The Anti-Architect. Common behaviors in the software industry and why they are bad.
Updated: Apr 2, 2019
The following behaviors are common among in the software industry and are especially common among people with the title: System Architect II
This behavior manifests in people who insist on solving performance “problems” that may not exist yet. The combination of Agile methodology, microservices and cloud deployment often minimizes the need to plan for optimizations up front. Caching, scaling, etc can be added as needed later. Premature Optimization is curable with a hefty dose of trust, patience and by thinking about baseball.
Similar to PO, PS often is displayed by people who like to follow RDD (Resume Driven Development) A good architecture should fall out of context organically -- forcing a solution will often lead to overly complex solutions that stray from the true business value of the system. It also forces constraints and can lead to Televangelizing.
This is the idea that one technology or pattern will solve world hunger. “Microservices will fix all yer problems!” or “Dude, we need to use CQRS! That will make it all better!” Silver Bulleting is often the fallacy that leads to Premature Solutioning.
Ivory Tower architects love to televangelize their often unsubstantiated, theoretical solutions. Architecture Televangelists often swoop in, thump their Kent Beck, Martin Fowler and Vernon Vaughn books, then fly off into the sunset on their G4s. Since no practical examples, reasons or discussions are given, the development team is left to question their own observations. Televangelizing also frequently leads to Smugging and tribal formation. Sometimes this takes the form of “She must be right because she is so passionate about it!”
Barrel Riders cling to the notion that everything must involve a waterfall process. Although Barrel Riders are shown repeatedly how the the wood and metal their barrel is composed of can be simply, quickly and effectively rearranged into a productive agile framework, they revert back to what is comfortable. Being in a safe barrel heading toward the abyss.
Smuggers are a pharisaical, self righteous group of resources. Smugging often involves Televangelizing. Smuggers stifle innovation, create division among the team and lead to confusion and resentment. They are typically closed to new ideas.
If we don’t move to microservices by next week, we’ll all die! False Dilemaizing is often used as a justification for Silver Bulleting and Premature Solutioning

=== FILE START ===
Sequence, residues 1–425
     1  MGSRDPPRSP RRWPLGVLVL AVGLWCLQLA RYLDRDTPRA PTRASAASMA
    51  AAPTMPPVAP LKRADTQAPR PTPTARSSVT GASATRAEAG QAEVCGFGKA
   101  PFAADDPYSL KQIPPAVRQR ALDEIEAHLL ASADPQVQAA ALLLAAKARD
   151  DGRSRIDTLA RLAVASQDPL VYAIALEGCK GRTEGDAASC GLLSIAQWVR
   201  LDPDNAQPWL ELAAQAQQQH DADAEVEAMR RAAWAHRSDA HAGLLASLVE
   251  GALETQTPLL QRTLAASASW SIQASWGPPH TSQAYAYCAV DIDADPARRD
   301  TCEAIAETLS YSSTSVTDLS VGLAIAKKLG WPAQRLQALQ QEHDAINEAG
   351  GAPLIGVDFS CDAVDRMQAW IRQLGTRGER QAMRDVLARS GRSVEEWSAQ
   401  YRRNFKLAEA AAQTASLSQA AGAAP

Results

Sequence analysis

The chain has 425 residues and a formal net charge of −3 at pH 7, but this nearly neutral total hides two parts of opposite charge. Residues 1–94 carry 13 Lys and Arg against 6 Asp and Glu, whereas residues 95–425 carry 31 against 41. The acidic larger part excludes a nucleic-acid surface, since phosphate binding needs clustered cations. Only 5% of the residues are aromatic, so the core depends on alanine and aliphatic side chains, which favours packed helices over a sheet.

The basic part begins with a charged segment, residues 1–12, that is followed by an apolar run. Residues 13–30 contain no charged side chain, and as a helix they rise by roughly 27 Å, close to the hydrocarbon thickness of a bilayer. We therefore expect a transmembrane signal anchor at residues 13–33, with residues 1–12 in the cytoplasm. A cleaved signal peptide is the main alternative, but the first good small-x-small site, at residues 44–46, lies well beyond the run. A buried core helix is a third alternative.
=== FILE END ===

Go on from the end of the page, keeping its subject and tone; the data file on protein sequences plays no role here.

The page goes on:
Either using a theoretical slippery slope assumption to justify a (usually premature) solution or optimization or the result of a premature optimization or solution.
Example for the former: “We need to utilize Eureka service registration for each and every service and Ribbon for any service consumers or your system will never be reachable by any other service and you will never be able to reach any other service and this whole thing will fail....”
Result showing the latter: This excuse for premature solutioning eliminates other possible solutions such as load balancing by the container control plane, implies a reference solution that will be mimicked by other teams (for no good reason) and over complexifies the system (introduces unnecessary complexity).
All on board a particular idea without a good reason. No real firm opinion other than “it sounds good to me because everyone else on on the interwebs thinks it’s wonderful.” This tactic is common among advertisers and software sales people. “If you want to be like Mike (Jordan), you’d better eat your Wheaties.” “Drink Gatorade because that’s what all the professional athletes do to stay hydrated.” “McDonald’s has served over 99 billion, so you should let them serve you too.” The form of this argument often looks like this: “Many people do or think X, so you ought to do or think X too.”
One problem with this kind of reasoning is that the broad acceptance of some claim or action is not always a good indication that the acceptance is justified. People can be mistaken, confused, deceived, or even willfully irrational. And when people act together, sometimes they become even more foolish — i.e., “mob mentality.” People can be quite gullible, and this fact doesn’t suddenly change when applied to large groups.
Details. Oh look, more details. Cool, some more details down this hole. Oooh that leads to more holes.
I don’t have ADD I… oh look! A squirrel!
Some of the bandwagoning text taken from 15 Logical Fallacies You Should Know Before Getting Into a Debate
#softwarearchitecture #distributedsystems #anti-patterns